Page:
1. Maleness and Femaleness is a Divine Bestowal.
In a straightforward reading of the text, what strikes us first is that maleness and femaleness is something God has bestowed. It is a divine gift. But this must be quickly followed up by clarifying what this does not mean.
This does not mean all cultural expressions of gender norms are divinely sanctioned.
To say that maleness and femaleness is a gift from God does not the mean that any cultural expression of maleness and femaleness is a gift from God. As 21st century Americans, we are in danger here of inserting into the text a portrait of stereotypical American masculinity or femininity. It must be clear in our minds, however, that to say that God made humans male and female is not to put a divine imprimatur on all gender stereotypes. To traditional-minded Americans, the virtuous woman in Proverbs 31 may appear to be doing “man’s work”—“she considers a field, buys it, and plants a vineyard.” Likewise, traditional-minded Americans, because they associate domestic work with femininity and hunting with masculinity may think Jacob to be less manly than his brother Esau: “Esau became a skillful hunter, a man of the open country, while Jacob was content to stay at home among the tents” (Genesis 25:27). These observations reinforce this important statement: to affirm maleness and femaleness as a divine bestowal is to affirm that biological fact of maleness and femaleness is a gift from God, not necessarily all the ways cultures work out these differences according to respective “gender roles.”
This does mean that the fact that humans are either male or female—along with the differences between them—is a good gift from God.
Positively, to say that maleness and femaleness is a gift from God is to affirm the inherent goodness of maleness and femaleness. This is—and always has been—a countercultural position. In modern Western cultures, there is an ever-growing trend to view gender “binarism” as a form of oppression. The question on the table is whether maleness and femaleness a blessing or a curse. The prevailing suspicion is that it is a curse—and this suspicion is enshrined in ancient cultures as well.
In Plato’s Symposium, written about 300 years before the time of Christ, we encounter about the myth of the origin of the sexes. According to this myth, most humans were originally neither male nor female, but a combination of the two. Instead of having just two arms, two legs, and one head, they had four arms, four legs, and two heads. They could get around at enormous speeds, were noisy, and extremely powerful—so powerful, in fact, that they began to worry and bother Zeus, the chief among the gods. Eventually these humans irritated him so much that he took action, throwing bolts of lightning at the humans, which split them down the middle. This immediately settled them down. Then another god, Apollo, healed their wounds, wrapped up their skin, and eventually made humans what they are now: not powerful unisex beings, but males and females, weaker, and needing each other.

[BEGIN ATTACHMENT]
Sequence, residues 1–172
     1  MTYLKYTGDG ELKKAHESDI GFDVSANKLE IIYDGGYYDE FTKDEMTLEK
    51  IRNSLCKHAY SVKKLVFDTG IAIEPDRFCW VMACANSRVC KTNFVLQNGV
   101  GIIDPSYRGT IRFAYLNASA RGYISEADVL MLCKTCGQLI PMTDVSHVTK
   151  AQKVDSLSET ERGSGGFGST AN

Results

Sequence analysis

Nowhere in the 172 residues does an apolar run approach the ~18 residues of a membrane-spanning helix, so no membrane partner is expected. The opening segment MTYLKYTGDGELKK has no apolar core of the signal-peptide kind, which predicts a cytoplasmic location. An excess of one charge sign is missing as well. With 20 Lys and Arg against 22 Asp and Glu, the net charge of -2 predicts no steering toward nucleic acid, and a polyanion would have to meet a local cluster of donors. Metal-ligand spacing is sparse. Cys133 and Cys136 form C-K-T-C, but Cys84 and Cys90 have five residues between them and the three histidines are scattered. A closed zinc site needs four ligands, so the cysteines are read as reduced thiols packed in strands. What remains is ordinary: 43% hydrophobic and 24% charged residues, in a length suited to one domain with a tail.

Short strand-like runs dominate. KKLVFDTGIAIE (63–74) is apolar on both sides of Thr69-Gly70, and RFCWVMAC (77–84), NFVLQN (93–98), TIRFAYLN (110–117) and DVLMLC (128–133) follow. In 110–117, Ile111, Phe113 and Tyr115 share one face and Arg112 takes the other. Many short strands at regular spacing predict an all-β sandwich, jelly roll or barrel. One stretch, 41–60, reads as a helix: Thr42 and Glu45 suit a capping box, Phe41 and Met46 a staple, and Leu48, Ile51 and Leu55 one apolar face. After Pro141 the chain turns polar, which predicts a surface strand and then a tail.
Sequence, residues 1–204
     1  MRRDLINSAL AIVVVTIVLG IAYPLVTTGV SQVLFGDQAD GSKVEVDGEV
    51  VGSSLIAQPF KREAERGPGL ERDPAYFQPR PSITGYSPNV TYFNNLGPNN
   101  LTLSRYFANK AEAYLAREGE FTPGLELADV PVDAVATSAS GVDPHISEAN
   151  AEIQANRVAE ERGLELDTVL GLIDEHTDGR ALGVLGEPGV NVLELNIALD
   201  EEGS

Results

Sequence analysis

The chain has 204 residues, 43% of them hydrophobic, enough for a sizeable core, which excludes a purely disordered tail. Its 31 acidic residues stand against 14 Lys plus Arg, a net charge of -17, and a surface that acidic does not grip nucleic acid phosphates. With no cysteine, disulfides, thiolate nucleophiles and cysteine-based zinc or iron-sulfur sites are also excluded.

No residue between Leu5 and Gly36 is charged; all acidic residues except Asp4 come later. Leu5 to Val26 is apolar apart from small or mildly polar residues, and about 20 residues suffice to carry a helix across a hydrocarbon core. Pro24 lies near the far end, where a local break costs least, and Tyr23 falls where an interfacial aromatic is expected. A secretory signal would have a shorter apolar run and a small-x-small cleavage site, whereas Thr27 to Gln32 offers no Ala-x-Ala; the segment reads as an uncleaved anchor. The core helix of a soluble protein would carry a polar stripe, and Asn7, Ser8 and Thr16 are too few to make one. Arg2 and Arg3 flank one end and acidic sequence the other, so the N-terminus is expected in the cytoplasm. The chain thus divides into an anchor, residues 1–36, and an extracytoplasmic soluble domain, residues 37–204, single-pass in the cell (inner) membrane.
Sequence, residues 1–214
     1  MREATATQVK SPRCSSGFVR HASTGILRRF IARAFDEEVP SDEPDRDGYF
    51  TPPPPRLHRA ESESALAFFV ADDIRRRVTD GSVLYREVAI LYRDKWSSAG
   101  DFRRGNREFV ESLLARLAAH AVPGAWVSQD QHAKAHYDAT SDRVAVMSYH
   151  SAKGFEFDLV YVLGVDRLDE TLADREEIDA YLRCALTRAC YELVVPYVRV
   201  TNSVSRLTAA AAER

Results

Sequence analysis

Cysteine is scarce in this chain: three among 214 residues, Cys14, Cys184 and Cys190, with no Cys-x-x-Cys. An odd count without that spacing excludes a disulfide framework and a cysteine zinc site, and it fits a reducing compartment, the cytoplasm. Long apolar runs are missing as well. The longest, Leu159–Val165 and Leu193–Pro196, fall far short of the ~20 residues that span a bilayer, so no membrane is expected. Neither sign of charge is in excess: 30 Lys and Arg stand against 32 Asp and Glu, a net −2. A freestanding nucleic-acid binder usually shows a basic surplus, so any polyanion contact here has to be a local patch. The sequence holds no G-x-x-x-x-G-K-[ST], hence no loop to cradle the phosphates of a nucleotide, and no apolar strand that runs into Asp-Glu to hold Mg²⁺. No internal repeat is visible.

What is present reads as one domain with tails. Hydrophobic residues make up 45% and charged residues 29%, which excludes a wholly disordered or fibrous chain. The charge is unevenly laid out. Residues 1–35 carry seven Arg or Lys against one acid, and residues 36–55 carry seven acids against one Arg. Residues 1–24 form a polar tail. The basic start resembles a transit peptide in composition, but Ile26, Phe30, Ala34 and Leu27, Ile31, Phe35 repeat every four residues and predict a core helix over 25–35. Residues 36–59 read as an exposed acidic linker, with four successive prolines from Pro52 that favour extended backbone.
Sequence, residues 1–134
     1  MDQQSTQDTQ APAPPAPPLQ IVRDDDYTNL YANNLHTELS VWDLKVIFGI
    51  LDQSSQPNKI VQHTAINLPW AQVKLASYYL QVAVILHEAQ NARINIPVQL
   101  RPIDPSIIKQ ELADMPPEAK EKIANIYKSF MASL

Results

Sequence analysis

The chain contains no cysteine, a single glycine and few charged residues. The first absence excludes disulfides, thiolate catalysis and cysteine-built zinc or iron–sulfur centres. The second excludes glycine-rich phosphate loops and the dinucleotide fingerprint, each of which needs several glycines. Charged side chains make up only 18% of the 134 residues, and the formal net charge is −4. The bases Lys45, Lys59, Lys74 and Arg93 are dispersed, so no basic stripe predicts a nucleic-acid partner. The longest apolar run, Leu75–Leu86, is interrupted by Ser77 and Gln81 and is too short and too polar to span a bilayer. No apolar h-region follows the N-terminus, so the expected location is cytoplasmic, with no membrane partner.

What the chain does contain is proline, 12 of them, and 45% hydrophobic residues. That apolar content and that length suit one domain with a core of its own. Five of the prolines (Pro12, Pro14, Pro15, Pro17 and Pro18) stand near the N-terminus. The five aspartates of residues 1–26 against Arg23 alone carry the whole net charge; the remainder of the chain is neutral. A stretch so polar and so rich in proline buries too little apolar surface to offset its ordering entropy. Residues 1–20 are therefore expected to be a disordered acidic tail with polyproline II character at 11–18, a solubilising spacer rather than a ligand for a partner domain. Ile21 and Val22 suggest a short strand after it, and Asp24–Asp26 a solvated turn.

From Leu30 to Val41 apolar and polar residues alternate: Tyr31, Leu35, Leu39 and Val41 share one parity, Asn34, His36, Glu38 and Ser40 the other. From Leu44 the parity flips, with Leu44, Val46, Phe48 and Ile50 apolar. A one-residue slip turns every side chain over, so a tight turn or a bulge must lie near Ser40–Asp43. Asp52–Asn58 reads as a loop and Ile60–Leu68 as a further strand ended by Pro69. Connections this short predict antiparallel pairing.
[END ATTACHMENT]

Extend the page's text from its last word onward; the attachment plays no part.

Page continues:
What does this myth do? Instead of presenting maleness and femaleness as a divine bestowal, it sees it as a divine curse. It creatively enshrines the suspicion that the differences are not good.
In the Bible, we find a radically different story. By presenting the creation of the two sexes as the act of a good God, Genesis teaches us that maleness and femaleness, along with everything else God created, is very good.
The equality of human dignity shared by males and females is good.
This means that the equality between male and female is good. This is evidently the point of God’s creating Eve from Adam’s rib: to show that the female is of the same substance of the male, a creature who would complement, not compete, with him. Thus, when Adam first encounters Eve, he does not say, “This is someone who threatens my autonomy.” Nor did he say, “This at last is someone who can do my work.” He did not even say, “This at last is someone who can bear my children!” No, he said—
“This at last is bone of my bones
And flesh of my flesh.”
In Eve, Adam saw someone who was equal to but different from him, and one whose differences completed what was lacking in him.
The differences between males and females are good—including differences of responsibility and capacity.